Beware the Ides of April
The 10-year curse has returned to haunt the country. The Asian financial crisis broke out in 1997, the global financial meltdown in 2008, and the flash points for a 2017 crisis will almost certainly come from the taking of power by U.S. President Donald J. Trump. So says the rumor mill in the local financial markets.
Some grounds for an April-is-the-cruelist-month crisis are plausible. In April, the U.S. Treasury Department could brand China a currency manipulator in a review. The yuan would crash, bringing down the Korean won and setting off foreign capital flight from Chinese and Korean markets. The toll on the trade and financial fronts would be heavy. Korean stocks could be wiped out.
The odds are 50-50. Trump declared he would take on China faster than the market expects. But that cannot be entirely relied upon. Trump irked Beijing in December by talking to the president of Taiwan and saying he doesn’t have to stick to the one-China policy. But in a later phone conversation with the Chinese president, he said he honors the one-China policy. One step forward, two steps back. Branding Beijing a currency manipulator is a declaration of a war with China. Even Trump may not dare go that far.
Trump could look for an easier target. He would turn to a regime favoring an undervalued currency with a sizable trade surplus. Korea makes a good target. The Financial Times recently said that evidence suggested Taiwan and South Korea were the worst offenders in terms of currency exploitation, citing a U.S. official. The report indicates Washington could look beyond China and Japan.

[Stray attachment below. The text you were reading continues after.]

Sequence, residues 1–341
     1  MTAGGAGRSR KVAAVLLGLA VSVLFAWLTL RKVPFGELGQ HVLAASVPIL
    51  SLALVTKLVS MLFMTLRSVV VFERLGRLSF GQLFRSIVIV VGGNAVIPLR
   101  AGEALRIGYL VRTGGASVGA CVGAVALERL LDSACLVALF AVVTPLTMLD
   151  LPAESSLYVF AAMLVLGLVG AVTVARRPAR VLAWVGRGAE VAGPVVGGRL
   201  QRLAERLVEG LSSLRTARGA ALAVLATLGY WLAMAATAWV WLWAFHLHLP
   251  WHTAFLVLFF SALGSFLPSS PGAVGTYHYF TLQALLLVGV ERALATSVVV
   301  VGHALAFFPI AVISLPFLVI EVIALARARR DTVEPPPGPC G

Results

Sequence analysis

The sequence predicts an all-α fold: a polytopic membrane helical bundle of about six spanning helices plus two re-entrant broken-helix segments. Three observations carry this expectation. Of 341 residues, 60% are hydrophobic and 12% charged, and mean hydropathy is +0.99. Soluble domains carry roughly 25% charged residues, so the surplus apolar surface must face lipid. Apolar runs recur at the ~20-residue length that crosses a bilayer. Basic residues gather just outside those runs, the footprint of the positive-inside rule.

There is another worry that is far more alarming. Washington could strike at North Korea. Some financial institutions are already advising their VIP customers to buy dollars and gold.
Authorities have stepped in to shoot down rumors. Yoo Il-ho, deputy prime minister for the economy, said there were no grounds for an April crisis. “There is no crisis beyond our imagination,” he said. Yim Jong-yong, chief of the Financial Services Commission (FSC), ordered senior officials to quench market jitters about an April disaster. The FSC is actually studying the grounds for these worries, including DSME’s liquidity.
Market pundits shrug off the hype. “Has there been a time when Korea was not in a crisis?” asked Seo Myeong-seok, president of Yuanta Securities. “Rumors always ended as rumors.” Kim Kun-ho, president of FN Guide, said, “The dollar holds the key to a crisis, but even Trump cannot know [the dollar’s] direction.” Trump favors a weak dollar to help his trade policy, but his fiscal policy supporting fast growth would strengthen the greenback. Cho Jae-min, head of KB Asset Management, said the probability of a full showdown between America and China was low.
But uncertainties tend to breed crisis. A crisis could be in the making purely based on the sudden depth of uncertainties in the world. In April, the fate of President Park Geun-hye will be determined. The aftermath is uncertain. We cannot know how deep the divide between her supporters and critics is and what it can lead to. Without leadership, small troubles can bring down a big economy.
I am glad talk of crisis has resurfaced. Alarms must sound for people to become vigilant. Goldman Sachs a few years back said that Korea was like a frog in a pot of slowly boiling water. A frog will jump out if it knows the water is suddenly hot, but not if it heats up slowly.
Looking straight into danger is what can save the Korean economy.
JoongAng Ilbo, Feb. 16, Page 30